The Bayesian approach has been impressively powerful in modelling various aspects of human cognition: let’s see whether it has been useful for explaining malfunctions of the mind.
The most distinctive features of the schizophrenic mind are the so-called positive symptoms: delusions (abnormal beliefs) and hallucinations (false perceptions). Hence, a Bayesian framework is a promising tool for exploring these features. After all, it was developed to deal with belief formation and perception – and these are precisely the cognitive functions that are most affected in schizophrenia.
Various experiments have shown that something goes wrong in the combination of prior knowledge and incoming sensory evidence. For example a weaker reliance on prior expectations can explain why schizophrenics are less susceptible to some visual illusion. Not being tricked by an illusion means, that in some situations, they perceive the world more veridically. So why does this not happen in healthy people? Healthy perception is optimally adapted to the environment, with the brain inferring the most likely patterns from raw sensory inputs. In contrast, schizophrenic patients are more influenced by what their eyes see, and less by the higher-level expectations their brain has derived from past experience. Look at the picture with two masks (image from: Grosjean et al., 2012). Our strong perceptual bias (or ‘prior’) for natural convex faces overrides competing information (such as shadows) and makes a concave hollow mask (bottom) perceived as a convex face (top). Schizophrenic patients are generally less susceptible to this illusion.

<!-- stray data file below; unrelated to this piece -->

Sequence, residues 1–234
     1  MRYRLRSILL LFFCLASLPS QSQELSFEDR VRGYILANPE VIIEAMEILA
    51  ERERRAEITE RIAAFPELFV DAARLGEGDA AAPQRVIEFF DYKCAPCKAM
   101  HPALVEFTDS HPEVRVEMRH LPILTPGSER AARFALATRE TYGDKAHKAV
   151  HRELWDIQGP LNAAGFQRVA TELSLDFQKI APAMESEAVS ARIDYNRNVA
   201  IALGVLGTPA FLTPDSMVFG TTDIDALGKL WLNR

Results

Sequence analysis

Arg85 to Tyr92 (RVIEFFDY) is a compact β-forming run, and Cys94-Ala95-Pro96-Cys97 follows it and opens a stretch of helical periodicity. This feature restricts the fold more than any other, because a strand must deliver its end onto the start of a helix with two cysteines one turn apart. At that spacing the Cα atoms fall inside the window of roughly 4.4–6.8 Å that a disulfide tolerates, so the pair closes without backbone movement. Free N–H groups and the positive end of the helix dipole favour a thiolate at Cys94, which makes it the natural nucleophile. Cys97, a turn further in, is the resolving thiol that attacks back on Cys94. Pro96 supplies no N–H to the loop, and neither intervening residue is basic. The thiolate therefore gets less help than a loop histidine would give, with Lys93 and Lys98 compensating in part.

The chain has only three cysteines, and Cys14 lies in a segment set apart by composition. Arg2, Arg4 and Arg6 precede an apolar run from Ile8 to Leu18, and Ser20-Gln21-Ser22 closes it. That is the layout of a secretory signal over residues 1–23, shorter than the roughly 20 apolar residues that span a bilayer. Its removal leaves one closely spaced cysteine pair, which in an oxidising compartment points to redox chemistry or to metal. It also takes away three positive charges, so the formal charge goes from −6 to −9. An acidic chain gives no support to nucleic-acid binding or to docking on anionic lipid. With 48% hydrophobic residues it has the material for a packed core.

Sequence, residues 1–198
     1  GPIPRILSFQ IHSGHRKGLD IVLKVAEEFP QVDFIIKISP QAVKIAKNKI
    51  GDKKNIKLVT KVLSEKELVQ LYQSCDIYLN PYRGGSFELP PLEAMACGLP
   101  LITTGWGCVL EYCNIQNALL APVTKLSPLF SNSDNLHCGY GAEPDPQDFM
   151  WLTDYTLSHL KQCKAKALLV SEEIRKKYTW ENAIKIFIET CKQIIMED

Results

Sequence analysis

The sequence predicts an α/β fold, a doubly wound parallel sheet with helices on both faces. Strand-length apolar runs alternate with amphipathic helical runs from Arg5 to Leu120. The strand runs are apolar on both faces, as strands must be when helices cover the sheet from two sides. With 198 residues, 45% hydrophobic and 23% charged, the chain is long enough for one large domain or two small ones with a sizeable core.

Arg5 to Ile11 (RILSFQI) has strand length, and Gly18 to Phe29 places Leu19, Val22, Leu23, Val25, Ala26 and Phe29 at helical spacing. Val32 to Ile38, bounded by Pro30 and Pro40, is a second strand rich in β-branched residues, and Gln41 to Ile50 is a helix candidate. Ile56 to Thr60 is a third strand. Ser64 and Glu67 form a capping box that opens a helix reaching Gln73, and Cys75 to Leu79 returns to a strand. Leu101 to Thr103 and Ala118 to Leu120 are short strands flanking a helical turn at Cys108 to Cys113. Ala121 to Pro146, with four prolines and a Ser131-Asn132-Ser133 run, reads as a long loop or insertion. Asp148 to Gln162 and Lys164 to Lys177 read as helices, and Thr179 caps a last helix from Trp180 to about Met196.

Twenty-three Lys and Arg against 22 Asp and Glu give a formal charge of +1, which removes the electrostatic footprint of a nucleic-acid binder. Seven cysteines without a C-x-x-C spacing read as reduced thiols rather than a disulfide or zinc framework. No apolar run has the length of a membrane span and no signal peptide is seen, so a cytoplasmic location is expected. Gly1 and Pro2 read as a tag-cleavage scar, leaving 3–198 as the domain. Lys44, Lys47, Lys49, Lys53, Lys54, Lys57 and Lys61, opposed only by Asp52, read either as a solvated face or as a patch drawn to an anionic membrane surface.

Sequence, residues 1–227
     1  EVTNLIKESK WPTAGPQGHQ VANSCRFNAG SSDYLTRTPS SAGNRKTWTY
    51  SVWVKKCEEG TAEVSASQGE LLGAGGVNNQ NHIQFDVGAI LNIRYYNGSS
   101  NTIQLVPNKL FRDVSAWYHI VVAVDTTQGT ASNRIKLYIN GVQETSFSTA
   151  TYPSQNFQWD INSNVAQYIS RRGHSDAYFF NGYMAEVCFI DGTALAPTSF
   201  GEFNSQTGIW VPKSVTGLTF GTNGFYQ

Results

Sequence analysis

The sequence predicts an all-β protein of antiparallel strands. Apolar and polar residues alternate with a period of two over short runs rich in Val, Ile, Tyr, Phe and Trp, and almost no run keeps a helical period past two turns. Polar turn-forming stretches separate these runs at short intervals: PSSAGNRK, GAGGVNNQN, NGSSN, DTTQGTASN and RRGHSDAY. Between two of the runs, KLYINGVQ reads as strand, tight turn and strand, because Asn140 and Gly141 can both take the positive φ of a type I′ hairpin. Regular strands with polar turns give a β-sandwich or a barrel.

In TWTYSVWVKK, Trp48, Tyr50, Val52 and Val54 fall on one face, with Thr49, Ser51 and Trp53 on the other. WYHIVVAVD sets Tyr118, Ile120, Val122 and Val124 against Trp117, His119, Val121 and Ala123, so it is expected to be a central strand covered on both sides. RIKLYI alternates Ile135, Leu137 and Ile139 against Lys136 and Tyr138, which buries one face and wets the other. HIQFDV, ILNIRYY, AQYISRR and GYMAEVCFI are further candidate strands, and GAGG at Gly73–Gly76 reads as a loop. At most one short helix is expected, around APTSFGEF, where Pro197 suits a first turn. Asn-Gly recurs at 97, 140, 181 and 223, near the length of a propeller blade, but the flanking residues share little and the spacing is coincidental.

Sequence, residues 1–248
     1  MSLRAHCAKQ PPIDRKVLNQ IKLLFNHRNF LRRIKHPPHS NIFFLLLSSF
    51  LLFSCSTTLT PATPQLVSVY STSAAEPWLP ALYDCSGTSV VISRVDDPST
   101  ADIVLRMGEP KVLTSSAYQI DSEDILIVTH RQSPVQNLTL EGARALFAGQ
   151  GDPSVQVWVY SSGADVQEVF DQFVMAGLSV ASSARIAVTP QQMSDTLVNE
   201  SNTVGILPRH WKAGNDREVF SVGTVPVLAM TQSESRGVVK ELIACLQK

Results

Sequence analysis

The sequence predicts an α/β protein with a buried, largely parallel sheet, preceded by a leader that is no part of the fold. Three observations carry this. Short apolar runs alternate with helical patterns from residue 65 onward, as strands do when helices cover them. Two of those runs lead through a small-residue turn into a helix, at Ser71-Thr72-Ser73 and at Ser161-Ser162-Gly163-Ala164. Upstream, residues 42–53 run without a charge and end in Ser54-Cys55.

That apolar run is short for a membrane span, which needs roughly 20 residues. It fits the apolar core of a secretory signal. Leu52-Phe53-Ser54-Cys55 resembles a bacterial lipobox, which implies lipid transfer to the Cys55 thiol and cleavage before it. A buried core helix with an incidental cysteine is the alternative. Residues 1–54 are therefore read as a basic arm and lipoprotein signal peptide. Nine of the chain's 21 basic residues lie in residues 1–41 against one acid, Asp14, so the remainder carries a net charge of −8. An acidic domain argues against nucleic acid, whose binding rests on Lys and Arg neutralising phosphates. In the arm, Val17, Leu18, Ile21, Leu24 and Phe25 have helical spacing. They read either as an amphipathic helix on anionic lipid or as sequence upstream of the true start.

A weaker influence from higher-level expectations is also shown in tasks which involve uncertainty – for example in playing stone-paper-scissors game. Here schizophrenic patients take less account of the past history of their contestant’s decisions and as a result follow strategies based on only the most recent evidence. Patients were also more confident about their decisions, and raised the stakes after smaller number of sequential winnings than healthy players (Joyce et al, 2013).
Another important feature of decision-making under uncertainty in schizophrenic patients is their reduced sensitivity to negative feedback once they have formed their belief. In Bayesian terms they do not use the prediction error correctly to update their models of the world.